“I just sat them down, and I told them, honey.”  He was so smug.

“Really?  Told them what?”

“I told them: you know that lady who picks up your dirty clothes from the floor of your room?  Well, she’s gone now.  And you know that lady who brings your clothes downstairs to the laundry room?  She’s also gone."

He was so pleased with himself.  It never occurred to him that referring to his wife of 13 years who also happened to be the mother of his children as "that lady" (after "that lady" has just returned from a 10-day trip half-way across the globe) might not be the best call.

"And you know that lady who washes and dries and folds all of your clothes and puts them away in your drawers?  Well, she’s gone, too."

He wouldn't stop.  I glanced at the speedometer then out the window as we entered the freeway on ramp but after those long flights, I was way too tired to open the door and attempt a tuck and roll.

"So if you want your clothes clean, you better gather them all up and bring them downstairs to the laundry room yourself; or they’re not getting washed.”  He smiled triumphantly to himself.

“Congratulations.”  I rolled my eyes at him.

“I’m not kidding,” and he continued.  “I had them on a strict morning regimen, too.  I got them up at 6:30, then they showered before they came downstairs for breakfast.  Then, after breakfast, back upstairs to brush, floss and rinse.  Then clean their room AND make their beds.  AND clean up their bathroom.  Then they would come down and practice piano for fifteen minutes and could shoot baskets on the driveway with whatever time was left over BEFORE we WALKED to school.”

Stab me now.

I turned to the boys, oddly quiet in the back seat: “Did you guys really walk to school?”

“Yup!” They both beamed back at me, in unison.

Jeff smiled, “We WALKED to school EVERY DAY.” 

He then glanced up at his rear-view mirror to catch the boys’ eyes, “Wasn’t walking to school fun?”

“Yes!” They both craned their necks up to meet the reflection of Jeff’s eyes in the mirror.

“Well, congratulations.”  I rolled my eyes again.

“Hey, you don’t need to get pissy,” clearly Jeff caught my second eye roll.  “I’m just saying, it’s okay to EXPECT THEM to do certain things.  You know, to not do EVERYTHING for them.”

“Really?  Is that how it works?”  I asked.

The car was quiet for a few moments.  Then, from behind me, Nicky leaned as far forward as he could and broke the silence.

“Mommy, Daddy cursed at us while you were gone.”

“WHOA!  Wait a minute, Nick.  What are you talking about?”  Any trace of arrogance suddenly vanished from Jeff’s tone.

“It’s true, Mommy!  He did.  More than one time.”  Vincie chimed in.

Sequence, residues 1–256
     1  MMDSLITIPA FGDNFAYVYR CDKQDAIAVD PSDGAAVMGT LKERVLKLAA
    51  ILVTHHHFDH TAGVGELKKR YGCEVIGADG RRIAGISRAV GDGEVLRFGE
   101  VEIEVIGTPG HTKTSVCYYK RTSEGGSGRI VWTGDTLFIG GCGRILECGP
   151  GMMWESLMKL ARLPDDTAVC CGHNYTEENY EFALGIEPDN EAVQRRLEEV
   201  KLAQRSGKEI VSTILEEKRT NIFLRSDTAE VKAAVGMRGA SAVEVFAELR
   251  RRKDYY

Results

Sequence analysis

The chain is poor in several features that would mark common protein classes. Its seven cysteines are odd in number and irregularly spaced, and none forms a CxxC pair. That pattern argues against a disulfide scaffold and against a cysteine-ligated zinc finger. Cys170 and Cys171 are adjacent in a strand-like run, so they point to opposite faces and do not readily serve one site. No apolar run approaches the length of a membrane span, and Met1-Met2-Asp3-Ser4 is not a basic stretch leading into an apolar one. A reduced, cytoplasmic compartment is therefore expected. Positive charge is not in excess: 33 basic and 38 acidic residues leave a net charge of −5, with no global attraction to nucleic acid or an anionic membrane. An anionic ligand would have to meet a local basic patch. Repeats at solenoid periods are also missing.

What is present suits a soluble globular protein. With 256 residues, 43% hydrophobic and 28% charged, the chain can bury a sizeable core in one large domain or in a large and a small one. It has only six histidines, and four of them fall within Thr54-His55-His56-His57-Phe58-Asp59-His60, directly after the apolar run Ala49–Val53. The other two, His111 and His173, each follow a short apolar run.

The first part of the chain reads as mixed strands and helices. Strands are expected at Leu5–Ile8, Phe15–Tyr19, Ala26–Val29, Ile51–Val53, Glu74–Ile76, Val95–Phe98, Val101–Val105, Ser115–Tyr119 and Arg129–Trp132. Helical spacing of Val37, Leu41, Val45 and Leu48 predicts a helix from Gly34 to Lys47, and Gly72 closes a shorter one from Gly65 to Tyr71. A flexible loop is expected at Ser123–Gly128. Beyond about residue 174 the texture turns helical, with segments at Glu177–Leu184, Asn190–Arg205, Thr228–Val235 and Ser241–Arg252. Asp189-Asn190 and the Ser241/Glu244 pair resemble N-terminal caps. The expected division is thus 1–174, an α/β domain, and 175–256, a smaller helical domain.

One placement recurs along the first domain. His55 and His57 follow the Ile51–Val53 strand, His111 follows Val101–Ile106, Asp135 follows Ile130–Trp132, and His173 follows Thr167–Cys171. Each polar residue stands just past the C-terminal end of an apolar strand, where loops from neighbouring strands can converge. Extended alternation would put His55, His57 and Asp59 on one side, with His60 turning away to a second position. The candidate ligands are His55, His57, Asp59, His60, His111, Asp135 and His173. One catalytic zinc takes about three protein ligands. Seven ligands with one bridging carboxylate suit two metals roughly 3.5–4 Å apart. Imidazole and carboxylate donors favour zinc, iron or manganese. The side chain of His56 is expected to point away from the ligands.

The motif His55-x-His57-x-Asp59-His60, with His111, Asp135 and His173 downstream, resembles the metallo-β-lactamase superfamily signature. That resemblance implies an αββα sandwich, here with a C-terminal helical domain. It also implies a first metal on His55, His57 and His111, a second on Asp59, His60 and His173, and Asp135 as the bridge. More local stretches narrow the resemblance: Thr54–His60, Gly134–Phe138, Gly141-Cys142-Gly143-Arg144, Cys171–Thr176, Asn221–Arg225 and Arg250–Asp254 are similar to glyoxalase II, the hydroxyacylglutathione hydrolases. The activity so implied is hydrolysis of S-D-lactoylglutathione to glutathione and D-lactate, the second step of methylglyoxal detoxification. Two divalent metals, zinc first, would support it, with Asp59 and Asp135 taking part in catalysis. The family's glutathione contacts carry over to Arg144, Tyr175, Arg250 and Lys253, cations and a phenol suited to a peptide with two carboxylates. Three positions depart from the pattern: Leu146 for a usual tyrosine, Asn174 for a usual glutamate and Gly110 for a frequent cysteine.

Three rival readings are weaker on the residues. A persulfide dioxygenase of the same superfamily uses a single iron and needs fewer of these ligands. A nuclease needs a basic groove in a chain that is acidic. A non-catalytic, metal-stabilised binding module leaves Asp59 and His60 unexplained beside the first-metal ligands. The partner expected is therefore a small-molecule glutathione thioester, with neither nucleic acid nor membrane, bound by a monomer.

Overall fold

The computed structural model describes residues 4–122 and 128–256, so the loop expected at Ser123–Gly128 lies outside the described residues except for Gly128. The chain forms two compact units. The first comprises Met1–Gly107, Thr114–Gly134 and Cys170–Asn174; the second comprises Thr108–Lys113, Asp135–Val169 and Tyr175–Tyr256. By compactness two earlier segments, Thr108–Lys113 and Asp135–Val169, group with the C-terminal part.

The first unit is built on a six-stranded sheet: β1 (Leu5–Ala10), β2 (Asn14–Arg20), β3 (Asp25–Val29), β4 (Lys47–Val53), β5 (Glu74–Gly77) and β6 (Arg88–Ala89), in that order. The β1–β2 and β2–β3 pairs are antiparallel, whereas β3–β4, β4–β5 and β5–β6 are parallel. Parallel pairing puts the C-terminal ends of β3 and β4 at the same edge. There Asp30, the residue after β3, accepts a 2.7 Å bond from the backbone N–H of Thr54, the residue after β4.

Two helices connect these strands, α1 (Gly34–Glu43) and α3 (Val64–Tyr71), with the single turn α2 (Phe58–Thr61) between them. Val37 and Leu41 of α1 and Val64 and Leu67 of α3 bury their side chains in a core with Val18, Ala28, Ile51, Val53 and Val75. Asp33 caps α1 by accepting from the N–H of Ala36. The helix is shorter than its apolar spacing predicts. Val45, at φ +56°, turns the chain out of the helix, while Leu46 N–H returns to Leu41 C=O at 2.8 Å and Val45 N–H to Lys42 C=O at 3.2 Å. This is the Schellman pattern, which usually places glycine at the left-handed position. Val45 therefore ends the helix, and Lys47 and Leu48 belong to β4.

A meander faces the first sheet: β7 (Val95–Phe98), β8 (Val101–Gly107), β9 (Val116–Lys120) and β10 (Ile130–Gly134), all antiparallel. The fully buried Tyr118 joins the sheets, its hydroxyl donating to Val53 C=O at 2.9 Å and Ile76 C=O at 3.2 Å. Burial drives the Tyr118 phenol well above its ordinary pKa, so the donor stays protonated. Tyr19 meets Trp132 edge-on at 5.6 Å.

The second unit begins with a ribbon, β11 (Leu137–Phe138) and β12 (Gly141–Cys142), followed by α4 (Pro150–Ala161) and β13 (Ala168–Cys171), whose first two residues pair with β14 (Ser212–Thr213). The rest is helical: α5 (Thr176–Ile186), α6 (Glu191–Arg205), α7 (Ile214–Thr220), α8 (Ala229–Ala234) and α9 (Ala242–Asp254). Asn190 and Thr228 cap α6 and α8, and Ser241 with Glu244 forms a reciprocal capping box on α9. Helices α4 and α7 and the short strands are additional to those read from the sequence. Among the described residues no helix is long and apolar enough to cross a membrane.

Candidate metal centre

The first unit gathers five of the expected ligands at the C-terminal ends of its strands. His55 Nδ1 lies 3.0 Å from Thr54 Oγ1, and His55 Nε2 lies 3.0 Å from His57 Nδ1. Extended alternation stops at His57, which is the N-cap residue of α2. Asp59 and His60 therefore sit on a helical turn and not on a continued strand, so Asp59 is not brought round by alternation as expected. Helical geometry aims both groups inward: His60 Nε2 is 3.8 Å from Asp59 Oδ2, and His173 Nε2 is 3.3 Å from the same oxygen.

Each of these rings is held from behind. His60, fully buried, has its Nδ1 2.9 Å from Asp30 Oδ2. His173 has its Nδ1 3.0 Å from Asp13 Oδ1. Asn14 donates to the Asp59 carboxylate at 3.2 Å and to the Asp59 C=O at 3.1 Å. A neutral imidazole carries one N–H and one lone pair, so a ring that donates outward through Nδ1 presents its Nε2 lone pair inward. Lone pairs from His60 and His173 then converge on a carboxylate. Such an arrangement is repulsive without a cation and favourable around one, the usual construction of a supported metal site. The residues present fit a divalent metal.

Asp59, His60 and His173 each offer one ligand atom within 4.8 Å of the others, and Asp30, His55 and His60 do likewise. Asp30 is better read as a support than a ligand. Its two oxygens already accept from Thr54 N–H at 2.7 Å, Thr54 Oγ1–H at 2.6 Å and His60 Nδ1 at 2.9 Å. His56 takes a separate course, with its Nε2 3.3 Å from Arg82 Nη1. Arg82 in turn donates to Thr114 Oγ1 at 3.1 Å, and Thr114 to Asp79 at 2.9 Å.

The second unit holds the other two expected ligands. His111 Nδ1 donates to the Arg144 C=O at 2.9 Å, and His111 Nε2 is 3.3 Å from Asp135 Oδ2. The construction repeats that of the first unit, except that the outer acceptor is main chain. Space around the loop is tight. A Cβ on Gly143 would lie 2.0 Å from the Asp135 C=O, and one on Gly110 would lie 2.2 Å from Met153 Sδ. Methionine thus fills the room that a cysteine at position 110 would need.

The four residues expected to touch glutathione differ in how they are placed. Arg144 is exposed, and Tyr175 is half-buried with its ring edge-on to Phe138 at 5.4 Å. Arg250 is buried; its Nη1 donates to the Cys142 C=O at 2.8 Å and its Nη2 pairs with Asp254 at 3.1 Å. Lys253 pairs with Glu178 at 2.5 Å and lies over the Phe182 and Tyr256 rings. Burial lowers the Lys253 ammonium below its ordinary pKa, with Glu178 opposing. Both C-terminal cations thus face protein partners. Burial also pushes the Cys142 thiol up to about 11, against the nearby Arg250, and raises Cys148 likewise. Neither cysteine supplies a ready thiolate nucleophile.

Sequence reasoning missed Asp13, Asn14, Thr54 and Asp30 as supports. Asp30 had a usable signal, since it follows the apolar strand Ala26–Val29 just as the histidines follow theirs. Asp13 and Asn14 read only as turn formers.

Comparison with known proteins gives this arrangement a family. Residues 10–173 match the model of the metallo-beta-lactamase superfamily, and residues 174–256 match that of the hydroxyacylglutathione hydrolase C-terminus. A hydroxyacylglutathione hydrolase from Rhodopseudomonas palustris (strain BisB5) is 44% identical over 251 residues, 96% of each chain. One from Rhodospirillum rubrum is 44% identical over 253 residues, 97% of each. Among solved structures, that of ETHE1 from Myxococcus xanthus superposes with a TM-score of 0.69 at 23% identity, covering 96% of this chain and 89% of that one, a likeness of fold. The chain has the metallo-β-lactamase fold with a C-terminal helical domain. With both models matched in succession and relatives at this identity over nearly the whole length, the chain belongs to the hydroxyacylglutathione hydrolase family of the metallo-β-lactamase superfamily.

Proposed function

“Is that so?” 

I turned to Jeff who was now shaking his head and staring out the windshield over the steering wheel.

“Traitors,” he mumbled under his breath.  Soon, he began searching his rear-view mirror for the eyes of his little foot soldiers, “Traitors.  You’re both traitors.”

I sighed a deep sigh of satisfaction.  “Well, honey.  Any other pearls of parenting wisdom you’d like to bestow upon me before we get home?” 

One of Jeff's fellow Dr. Spock devotees.

Thursday, June 6, 2013

Walking With Them

“Only 5 ½ more days of second grade!”

Like most children, my seven-year olds are counting the days until school is out.  I guess I am, too.  Sort of.

“Next year is third grade,” Fun Mom tells me like it’s some kind of revelation.  “You know what that means?  That means we’ll be half-way through elementary school! Next year is the half-way mark.”  Her tone is a little melancholy.

Oh, shit.  I never thought of it that way.

“Don’t say that.  I can’t think about that right now,” was all I could say in return.  The thought was a little overwhelming.

My family moved into our little slice of suburbia when they boys were not quite three years old for several reasons, the majority of which of or pertaining to raising our sons.

“It really is a terrific neighborhood.  It’s perfect for raising kids.  I’ll take you over to the park and elementary school after we’re done looking at the house.  You can even walk your kids to school!”  Our real estate agent’s words are still fresh in my mind, five years later.

I remember I had this image of Vince, Nick, Stitch and I walking to school together every morning…then life crept in. 

When Kindergarten started, I was in the throws of a demanding, full-time client that had me traveling like crazy; then there were rainy mornings; then there was more work; or dentist appointments; or we were finishing up homework; or just running late.  I found myself in the car, in the driveway, with a scowl on my face on far more mornings than I’d like to admit. 

Then, in an instant, there were just 5 ½ more days of second grade.   

These past couple weeks, I have made a point of walking whenever we could.  20 minutes of my day.  10 minutes there and 10 minutes back.  One or both of my sons usually hold my hand part of the way.  Nothing is better than the feeling of one of those hands in mine.  Nothing.

Sometimes we talk about what’s going on at school that day.  Sometimes we talk about summer.  And sometimes:

“Mommy, can you hold my backpack so I can kick him!?!” 

That happens.

Only 5 ½ more days of second grade... and I'm hanging on to every step. 

We've been sneaking in some Lego time, too.

Wednesday, May 22, 2013

My ‘Stache, My ‘Stache, My Lovely Lady-‘Stache

I think the very best thing about getting older is becoming completely comfortable in your own skin. 

Popeye the Sailorman said it best: “I yam what I yam and that’s all what I yam”.